The development of European and Italian industrial supply chains in strategic sectors for the energy transition – such as photovoltaic panels, batteries and heat pumps – will contribute to the achievement of the decarbonization targets set by Brussels, ensuring higher levels of energy security and strategic autonomy for the EU and its member states, with significant socio-economic returns for businesses and citizens. This is the finding of the Study “Energy transition strategic supply chaains. Industrial roadmap for Europe and Italy” carried out by the Enel Foundation and The European House – Ambrosetti in collaboration with Enel, presented today as part of The European House – Ambrosetti Forum at a press conference attended by Valerio De Molli, Managing Partner & CEO of The European House – Ambrosetti, Nicola Lanzetta, Head of Italy at the Enel Group and Maria Chiara Carrozza, President of Italy’s National Research Council (Consiglio Nazionale delle Ricerche, CNR).
The Study highlights that, in order to accelerate its transition and decarbonization pathway, the EU and its member states are called upon to develop and implement a new strategic vision. The latter places the creation and strengthening of an integrated and coordinated local technological and industrial base at the center of the energy transition, particularly in key sectors such as photovoltaics, batteries, and heat pumps. In recognition of the need to act quickly and effectively to close the gap with international competitors – especially China – European and national institutions have identified a set of energy and climate targets for 2030 that would enable Europe to strengthen its energy sustainability and security, while at the same time ensuring significant socio-economic returns.
“The decarbonization process is a unique opportunity to support important industrial sectors of our economy and reduce our dependence on foreign countries. A realistic goal provided that the entire value chain is innovated, in a sustainable sense,” said Nicola Lanzetta, Head of Italy at the Enel Group. “A key role is attributed to industrial sectors that encourage the spread of renewable energy, such as photovoltaics, heat pumps and storage systems. The study shows that accelerating the implementation of these technologies and doing so through the development of European supply chains, reduces dependence on foreign suppliers and provides environmental, social and economic benefits for people and businesses.”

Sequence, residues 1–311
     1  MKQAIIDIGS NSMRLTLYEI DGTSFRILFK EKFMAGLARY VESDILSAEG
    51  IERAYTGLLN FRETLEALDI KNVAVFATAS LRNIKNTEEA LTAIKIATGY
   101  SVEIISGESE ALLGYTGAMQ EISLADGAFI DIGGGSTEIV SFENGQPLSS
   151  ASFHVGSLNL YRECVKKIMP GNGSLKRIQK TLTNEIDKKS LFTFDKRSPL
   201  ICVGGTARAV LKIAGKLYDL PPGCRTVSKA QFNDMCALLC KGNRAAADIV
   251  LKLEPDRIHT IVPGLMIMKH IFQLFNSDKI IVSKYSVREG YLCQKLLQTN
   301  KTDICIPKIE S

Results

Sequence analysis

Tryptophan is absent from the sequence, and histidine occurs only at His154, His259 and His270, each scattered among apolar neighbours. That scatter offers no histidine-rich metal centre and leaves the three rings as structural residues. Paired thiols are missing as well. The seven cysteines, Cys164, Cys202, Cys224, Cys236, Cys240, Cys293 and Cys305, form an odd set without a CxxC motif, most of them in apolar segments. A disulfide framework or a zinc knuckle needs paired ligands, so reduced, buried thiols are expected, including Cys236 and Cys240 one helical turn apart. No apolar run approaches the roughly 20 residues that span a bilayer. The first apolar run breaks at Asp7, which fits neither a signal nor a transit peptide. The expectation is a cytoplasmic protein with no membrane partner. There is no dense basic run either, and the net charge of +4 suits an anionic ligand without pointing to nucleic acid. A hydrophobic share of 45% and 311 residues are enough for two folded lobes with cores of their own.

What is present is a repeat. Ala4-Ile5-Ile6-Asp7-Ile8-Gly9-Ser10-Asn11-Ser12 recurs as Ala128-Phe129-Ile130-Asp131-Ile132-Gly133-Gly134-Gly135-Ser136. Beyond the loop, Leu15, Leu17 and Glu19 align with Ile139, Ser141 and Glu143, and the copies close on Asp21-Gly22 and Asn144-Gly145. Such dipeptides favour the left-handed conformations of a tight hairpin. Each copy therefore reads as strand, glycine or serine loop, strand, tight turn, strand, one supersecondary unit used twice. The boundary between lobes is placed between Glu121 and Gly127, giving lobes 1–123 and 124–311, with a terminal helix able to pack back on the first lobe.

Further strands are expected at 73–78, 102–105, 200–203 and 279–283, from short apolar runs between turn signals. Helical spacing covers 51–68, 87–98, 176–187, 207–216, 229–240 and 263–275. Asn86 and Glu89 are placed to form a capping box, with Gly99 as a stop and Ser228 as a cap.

“To fully reap the benefits of the current energy transition, it is not enough to make massive investments in infrastructure; we must also develop local skills and strengthen green industrial supply chains. This process is of strategic importance as it will support the growth expected in the coming years, while reducing technological dependence on third countries,” commented Valerio De Molli, Managing Partner and CEO of The European House – Ambrosetti. “The Study highlights how effective use of the available funds, environmentally and socially sustainable production processes, an increased recycling capacity, R&D and innovation are the main factors that the European Union and Italy have to activate the development of local supply chains for photovoltaics, batteries and heat pumps. By taking advantage of these opportunities and implementing the announced projects on time, in 2030, Italy and the European Union will be able to meet more than 50% of the demand for photovoltaic panels, about 90% of the demand for batteries, and more than 60% of the demand for heat pumps, thus achieving the NZIA targets”.
Italy and Europe have set themselves some ambitious goals with regards to developing renewable energy sources and electrifying end consumption. However, supply chains for key technologies to achieve decarbonization are heavily concentrated outside Europe, mainly in China (on average 65% of the total). For Italy and Europe, this situation is a risk but also an opportunity to develop local value chains, thus bringing undeniable socio-economic benefits. To address these challenges, in March 2023 the European Union unveiled the ‘Net Zero Industry Act’ (NZIA) program, with the goal of achieving European and national production of at least 40% of the annual demand for green technologies by 2030: Europe should reach 30 GW per year of production capacity for all stages of the photovoltaic value chain, as well as at least 550 GWh of manufacturing capacity for the battery value chain and 31 GW for heat pumps.